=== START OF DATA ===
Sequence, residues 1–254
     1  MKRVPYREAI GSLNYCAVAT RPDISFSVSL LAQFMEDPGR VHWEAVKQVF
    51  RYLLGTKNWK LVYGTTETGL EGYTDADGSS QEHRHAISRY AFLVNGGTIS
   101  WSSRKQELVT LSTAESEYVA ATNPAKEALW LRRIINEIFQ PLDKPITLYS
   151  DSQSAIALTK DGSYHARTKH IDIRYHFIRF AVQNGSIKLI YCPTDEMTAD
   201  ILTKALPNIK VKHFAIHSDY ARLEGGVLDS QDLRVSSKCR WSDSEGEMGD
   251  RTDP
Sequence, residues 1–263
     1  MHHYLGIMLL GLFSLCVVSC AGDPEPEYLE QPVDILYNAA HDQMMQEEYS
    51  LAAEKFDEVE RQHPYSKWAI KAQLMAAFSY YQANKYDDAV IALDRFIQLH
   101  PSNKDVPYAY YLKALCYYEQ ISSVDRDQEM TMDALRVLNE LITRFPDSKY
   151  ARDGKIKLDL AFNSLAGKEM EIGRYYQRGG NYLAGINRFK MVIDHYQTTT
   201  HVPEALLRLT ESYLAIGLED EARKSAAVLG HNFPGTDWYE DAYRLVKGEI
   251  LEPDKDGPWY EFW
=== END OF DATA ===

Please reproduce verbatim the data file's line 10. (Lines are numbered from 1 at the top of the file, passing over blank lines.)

    51  LAAEKFDEVE RQHPYSKWAI KAQLMAAFSY YQANKYDDAV IALDRFIQLH